What’s the price of public broadcasting in Switzerland?

Politicians in parliament building celebrate a result of the Swiss national football team, which they watch on television. Keystone

Parliament is continuing its debate of a people’s initiative which aims to scrap licence fees for the services of the public Swiss Broadcasting Corporation (SBC). At stake is the value of information in a direct democracy and an annual per capita fee of up to CHF451 ($471).

This content was published on September 14, 2017

What is the fee for?

The SBC,’s parent company, is funded by licence fees (75%) and income from advertising (25%). Swiss residents who receive radio or television services must pay licence fees, regardless of which programmes they watch or listen to, and no matter how they watch or listen (terrestrial, cable, satellite, via the phone line, on their mobile phone or via the internet).

The fee amounts to 0.74% of an average income in Switzerland (CHF61,152): of the annual CH451 fee, CHF165 is used for radio and CHF286 goes towards television.

Where does the money go?

The SBC has an annual turnover of CHF1.6 billion which is mainly used to operate 17 radio and television channels in four national languages (German, French, Italian and Romansh). Part of the revenue also goes towards private radio and TV stations with a public service role.

Is the SBC a state-run broadcaster?

No, the SBC is neither an official state broadcaster nor does it have a legal charter similar to the British Broadcasting Corporation (BBC).

The SBC is independent in its editorial policy. The reason being that the organisation was set up as an association more than 80 years ago, and the structure has remained unchanged.

Originally, the SBC was made up of groups of amateur craftsmen and ham radio enthusiasts. This is why the SBC is not funded directly through taxes. Back in 1931, the local associations introduced radio in Switzerland and laid the foundations for the SBC.

Heated parliamentary discussion 

The “No Billag” initiative aroused lively debate in the House of Representatives on Thursday. The largest political group, the Swiss People’s Party, took aim at the cost and content of the Swiss Broadcasting Corporation (SBC), accusing it of wasting public money by diffusing American TV series and stifling competition from private media. The rightwing party put forward a counter-proposal demanding licence fees be reduced by half to CHF200.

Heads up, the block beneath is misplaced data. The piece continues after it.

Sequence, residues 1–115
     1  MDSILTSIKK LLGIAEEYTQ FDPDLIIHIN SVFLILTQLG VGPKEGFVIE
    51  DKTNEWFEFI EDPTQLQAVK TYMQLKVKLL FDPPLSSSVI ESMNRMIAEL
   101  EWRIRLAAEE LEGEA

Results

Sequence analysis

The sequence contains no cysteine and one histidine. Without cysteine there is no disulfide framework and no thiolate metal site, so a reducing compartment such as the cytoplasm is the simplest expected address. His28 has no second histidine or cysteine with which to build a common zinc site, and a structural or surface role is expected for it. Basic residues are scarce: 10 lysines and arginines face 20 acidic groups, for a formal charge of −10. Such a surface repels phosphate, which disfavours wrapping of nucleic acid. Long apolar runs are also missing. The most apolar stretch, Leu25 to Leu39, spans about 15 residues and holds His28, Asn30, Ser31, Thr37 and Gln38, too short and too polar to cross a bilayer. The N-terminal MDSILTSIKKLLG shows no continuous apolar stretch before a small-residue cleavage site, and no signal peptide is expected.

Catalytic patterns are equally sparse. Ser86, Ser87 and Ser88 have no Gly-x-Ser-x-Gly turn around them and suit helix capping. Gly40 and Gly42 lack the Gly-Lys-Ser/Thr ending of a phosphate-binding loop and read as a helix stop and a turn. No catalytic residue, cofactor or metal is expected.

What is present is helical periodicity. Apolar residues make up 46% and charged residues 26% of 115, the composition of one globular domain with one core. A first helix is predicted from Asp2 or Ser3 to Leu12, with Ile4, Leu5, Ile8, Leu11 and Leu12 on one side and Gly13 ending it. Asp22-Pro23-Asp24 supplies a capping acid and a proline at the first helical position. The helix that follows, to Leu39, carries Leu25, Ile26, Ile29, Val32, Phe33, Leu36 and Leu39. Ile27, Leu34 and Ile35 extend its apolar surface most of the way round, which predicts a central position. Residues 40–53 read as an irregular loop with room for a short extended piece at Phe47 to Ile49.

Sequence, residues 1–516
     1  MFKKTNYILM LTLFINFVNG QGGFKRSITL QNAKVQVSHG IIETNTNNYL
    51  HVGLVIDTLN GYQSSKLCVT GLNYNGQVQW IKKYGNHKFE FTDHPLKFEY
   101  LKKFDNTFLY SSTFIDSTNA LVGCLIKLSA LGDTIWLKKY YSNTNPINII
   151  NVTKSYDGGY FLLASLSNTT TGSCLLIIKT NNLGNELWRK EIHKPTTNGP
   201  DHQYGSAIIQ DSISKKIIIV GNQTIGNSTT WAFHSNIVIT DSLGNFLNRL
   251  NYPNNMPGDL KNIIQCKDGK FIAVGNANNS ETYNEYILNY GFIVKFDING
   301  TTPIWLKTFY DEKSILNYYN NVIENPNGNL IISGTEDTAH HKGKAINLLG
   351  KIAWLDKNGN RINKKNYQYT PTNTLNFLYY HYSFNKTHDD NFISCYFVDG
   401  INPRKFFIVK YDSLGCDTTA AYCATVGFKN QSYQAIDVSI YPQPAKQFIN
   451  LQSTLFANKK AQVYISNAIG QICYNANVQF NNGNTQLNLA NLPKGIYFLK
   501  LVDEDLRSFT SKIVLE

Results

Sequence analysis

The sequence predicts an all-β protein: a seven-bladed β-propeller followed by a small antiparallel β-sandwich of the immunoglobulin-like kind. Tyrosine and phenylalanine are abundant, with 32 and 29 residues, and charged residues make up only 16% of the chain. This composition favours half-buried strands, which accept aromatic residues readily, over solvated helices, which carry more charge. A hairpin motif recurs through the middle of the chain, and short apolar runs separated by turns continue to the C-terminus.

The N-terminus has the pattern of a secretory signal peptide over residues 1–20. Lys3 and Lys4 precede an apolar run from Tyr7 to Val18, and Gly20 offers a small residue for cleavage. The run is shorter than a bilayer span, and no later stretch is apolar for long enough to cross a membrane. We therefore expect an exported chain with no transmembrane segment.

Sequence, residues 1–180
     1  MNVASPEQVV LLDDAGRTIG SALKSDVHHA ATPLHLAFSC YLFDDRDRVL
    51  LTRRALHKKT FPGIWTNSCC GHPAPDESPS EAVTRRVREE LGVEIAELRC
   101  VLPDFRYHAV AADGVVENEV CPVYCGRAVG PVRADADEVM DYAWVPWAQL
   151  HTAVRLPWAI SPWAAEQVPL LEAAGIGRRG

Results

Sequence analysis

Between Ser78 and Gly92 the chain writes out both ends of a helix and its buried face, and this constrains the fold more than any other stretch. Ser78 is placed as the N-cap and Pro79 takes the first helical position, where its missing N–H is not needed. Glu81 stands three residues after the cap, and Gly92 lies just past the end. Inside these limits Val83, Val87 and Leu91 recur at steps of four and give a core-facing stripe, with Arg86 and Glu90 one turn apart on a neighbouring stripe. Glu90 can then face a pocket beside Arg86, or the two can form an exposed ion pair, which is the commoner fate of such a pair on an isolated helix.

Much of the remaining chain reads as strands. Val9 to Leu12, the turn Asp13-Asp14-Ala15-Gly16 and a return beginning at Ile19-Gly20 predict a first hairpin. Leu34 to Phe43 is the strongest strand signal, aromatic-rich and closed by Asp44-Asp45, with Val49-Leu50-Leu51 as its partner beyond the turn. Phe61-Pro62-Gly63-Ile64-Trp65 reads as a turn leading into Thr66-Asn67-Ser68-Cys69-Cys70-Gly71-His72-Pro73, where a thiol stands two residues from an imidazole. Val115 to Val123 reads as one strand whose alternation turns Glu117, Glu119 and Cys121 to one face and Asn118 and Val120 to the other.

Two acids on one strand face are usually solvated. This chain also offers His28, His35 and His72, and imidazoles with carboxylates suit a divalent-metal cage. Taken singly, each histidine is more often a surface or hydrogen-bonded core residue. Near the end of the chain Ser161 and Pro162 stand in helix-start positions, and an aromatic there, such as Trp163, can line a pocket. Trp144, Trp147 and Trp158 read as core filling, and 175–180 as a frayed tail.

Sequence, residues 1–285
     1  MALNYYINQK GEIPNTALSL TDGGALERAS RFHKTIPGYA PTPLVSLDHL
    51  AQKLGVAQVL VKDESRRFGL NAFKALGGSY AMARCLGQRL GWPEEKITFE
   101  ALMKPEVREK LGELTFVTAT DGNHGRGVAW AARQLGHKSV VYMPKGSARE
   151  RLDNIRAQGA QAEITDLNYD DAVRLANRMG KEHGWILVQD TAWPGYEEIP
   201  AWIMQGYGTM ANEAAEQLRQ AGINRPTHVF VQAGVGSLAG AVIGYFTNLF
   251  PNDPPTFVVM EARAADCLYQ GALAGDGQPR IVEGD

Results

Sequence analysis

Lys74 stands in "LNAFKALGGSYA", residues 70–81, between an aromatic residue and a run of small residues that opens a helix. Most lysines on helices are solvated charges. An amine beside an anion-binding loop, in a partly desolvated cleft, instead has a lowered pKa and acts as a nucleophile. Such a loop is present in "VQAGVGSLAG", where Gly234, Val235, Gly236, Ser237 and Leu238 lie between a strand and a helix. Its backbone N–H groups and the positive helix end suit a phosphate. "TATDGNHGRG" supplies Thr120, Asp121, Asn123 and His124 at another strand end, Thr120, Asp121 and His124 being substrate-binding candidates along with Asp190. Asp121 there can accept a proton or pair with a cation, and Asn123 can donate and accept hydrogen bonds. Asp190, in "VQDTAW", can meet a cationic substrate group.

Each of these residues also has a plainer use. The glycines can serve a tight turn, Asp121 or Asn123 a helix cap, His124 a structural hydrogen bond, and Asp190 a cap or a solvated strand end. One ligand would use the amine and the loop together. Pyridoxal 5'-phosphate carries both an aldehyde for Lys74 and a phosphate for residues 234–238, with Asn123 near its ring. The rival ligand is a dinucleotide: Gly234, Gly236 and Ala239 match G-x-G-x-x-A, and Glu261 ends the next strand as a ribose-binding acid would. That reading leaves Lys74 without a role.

All the other political parties were against the dismantling of the SBC, citing its role in supporting cultural and linguistic diversity in the Swiss media landscape. They were also against the proposal to halve the current licence fee as it would take a heavy toll on the SBC. 

There were calls for a reduction in advertisements and a cap on the amount the public broadcaster receives through the licence fee. The debate will continue on September 25.

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Why is the initiative known as ‘No Billag’?

The company charged with billing consumers for the use of SBC’s broadcasting services is named Billag. Hence also the Billag fee. Opponents who consider the fee as an undue compulsory levy imposed on citizens want to scrap the Billag fee.

A people’s initiative was launched three years ago and succeeded in collecting enough signatures to force a nationwide vote. The campaigners argue the fee violates the freedom of media choice of citizens because they pay a fee regardless of their media consumption.

However, the SBC director general has described the initiative as an attack on public service broadcasters. He maintains that an approval of the initiative would mean the end of the SBC.

What do the parliamentarians say about it?

A majority of the members in the House of Representatives are convinced that the licence fees are crucial for solid basic information and programmes in Switzerland’s four language regions, providing a public service.

The Senate threw out the initiative earlier this year and recommended voters do likewise in a nationwide vote. The other parliamentary chamber, the House of Representatives, is discussing the issue during the current autumn session. It has also tabled a proposal about whether voters should be given a choice between the initiative and a counter-proposal.

Most parliamentarians – with the exception of a few members from the political right - agree that the current system is best suited for Switzerland, also in the future.

Supporters, notably members of the Senate, say the system with licence fees is key for national cohesion and to allow citizens form their own opinion in a direct democracy with regular nationwide votes on a wide range of issues.

The bone of contention in the debate is the price of the licence fee and what services the SBC has to provide.

Voters are likely to have the final say on the issue next year.

What’s this got to do with you?

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